Ion Association and Electrolyte Structure at Surface Films in Lithium-Ion Batteries
journal contributionposted on 29.03.2021, 20:14 by Justin R. Pinca, William G. Duborg, Ryan Jorn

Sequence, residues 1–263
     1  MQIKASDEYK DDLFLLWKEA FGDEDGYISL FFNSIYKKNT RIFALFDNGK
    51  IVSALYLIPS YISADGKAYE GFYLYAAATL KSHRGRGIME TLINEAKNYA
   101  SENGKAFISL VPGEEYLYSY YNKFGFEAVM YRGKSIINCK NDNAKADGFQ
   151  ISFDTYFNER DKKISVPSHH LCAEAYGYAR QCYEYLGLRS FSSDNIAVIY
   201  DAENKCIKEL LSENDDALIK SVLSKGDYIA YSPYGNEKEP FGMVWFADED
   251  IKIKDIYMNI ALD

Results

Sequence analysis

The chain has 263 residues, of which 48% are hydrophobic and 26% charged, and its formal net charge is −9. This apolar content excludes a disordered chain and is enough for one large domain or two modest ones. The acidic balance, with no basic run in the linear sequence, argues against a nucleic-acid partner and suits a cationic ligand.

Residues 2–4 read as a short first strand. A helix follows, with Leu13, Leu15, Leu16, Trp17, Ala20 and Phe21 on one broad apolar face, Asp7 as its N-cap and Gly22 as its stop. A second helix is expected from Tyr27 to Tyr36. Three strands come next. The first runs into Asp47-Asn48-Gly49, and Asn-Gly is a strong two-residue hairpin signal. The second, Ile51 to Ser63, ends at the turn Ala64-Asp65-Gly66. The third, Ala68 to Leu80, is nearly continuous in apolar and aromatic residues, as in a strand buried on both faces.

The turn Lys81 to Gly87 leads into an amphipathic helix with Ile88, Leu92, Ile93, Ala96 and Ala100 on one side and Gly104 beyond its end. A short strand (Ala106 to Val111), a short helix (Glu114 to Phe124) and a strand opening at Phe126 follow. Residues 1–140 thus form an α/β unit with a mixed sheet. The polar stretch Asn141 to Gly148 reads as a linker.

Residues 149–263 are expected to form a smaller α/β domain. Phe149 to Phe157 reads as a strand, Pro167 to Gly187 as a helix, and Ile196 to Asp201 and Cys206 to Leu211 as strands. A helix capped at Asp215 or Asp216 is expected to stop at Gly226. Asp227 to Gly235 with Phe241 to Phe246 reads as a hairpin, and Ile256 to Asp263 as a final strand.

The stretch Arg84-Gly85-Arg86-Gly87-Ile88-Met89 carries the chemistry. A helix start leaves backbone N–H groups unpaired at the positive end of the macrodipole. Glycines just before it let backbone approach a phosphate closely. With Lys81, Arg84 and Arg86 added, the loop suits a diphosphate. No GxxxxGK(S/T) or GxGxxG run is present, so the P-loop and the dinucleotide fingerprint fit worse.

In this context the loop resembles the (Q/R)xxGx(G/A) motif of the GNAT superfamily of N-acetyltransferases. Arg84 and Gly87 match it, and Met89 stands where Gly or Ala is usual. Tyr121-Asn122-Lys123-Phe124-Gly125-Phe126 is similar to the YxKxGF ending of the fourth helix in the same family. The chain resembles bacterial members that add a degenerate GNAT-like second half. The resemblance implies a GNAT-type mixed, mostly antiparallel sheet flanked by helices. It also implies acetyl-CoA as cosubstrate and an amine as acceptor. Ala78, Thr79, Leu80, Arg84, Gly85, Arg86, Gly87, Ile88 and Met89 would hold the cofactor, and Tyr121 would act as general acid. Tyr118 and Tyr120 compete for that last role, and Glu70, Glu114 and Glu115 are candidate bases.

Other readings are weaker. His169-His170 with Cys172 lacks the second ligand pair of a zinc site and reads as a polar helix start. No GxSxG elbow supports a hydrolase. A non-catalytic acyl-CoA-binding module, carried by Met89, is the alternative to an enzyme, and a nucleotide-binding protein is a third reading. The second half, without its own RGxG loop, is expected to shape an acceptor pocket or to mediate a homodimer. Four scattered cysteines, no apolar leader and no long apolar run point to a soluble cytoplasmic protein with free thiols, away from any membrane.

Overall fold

During lithium-ion battery charging and discharging, carbonate electrolytes degrade from redox side reactions to produce electrode surface films. The composition of these films depends on the composition of the electrolyte layer at the electrode surface and the structure of the ion solvation shells found therein. However, both the composition and structure of an electrolyte at an interface can vary significantly from their counterparts in the bulk, as reported previously at air and mineral surfaces. Hence, a circular relationship holds in which the surface films formed depend on the electrolyte structure, which in turn is impacted by the presence of the surface film. In this work, three impacts from solid interfaces on carbonate electrolytes are considered: ion accumulation, ion pairing, and solvent exchange dynamics. By considering these effects at four different surfaces of varying solvent affinities (LiF, Li2CO3, Li2EDC, and graphite), we explore the impact of solvent–surface interactions and ion–surface interactions on these interfacial behaviors. Classical molecular dynamics provides a route to explore the molecular structure at the electrolyte boundary, and two different electrolytes are considered to investigate the role of ion association on the accumulation, pairing, and dynamics. By considering the changes as a result of switching between one electrolyte with mostly solvent-separated ions to another with contact ion pairs, we provide evidence that both bulk ion association and the solvent–surface interaction are key descriptors of ion aggregation at the electrode surface. The insights from these simulations inform not only about the impacts of battery interfaces on the surrounding electrolyte but also on the origins of differences reported between classical molecular dynamics simulations at these interfaces.